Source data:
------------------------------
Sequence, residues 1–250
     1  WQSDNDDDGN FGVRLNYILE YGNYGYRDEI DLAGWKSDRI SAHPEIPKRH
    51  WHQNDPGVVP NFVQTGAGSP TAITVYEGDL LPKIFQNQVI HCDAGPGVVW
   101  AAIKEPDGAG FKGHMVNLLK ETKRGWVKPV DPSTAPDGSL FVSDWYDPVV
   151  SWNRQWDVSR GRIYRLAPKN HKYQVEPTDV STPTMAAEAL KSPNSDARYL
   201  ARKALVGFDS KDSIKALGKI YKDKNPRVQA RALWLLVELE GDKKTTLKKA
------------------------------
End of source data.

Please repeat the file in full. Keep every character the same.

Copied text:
Sequence, residues 1–250
     1  WQSDNDDDGN FGVRLNYILE YGNYGYRDEI DLAGWKSDRI SAHPEIPKRH
    51  WHQNDPGVVP NFVQTGAGSP TAITVYEGDL LPKIFQNQVI HCDAGPGVVW
   101  AAIKEPDGAG FKGHMVNLLK ETKRGWVKPV DPSTAPDGSL FVSDWYDPVV
   151  SWNRQWDVSR GRIYRLAPKN HKYQVEPTDV STPTMAAEAL KSPNSDARYL
   201  ARKALVGFDS KDSIKALGKI YKDKNPRVQA RALWLLVELE GDKKTTLKKA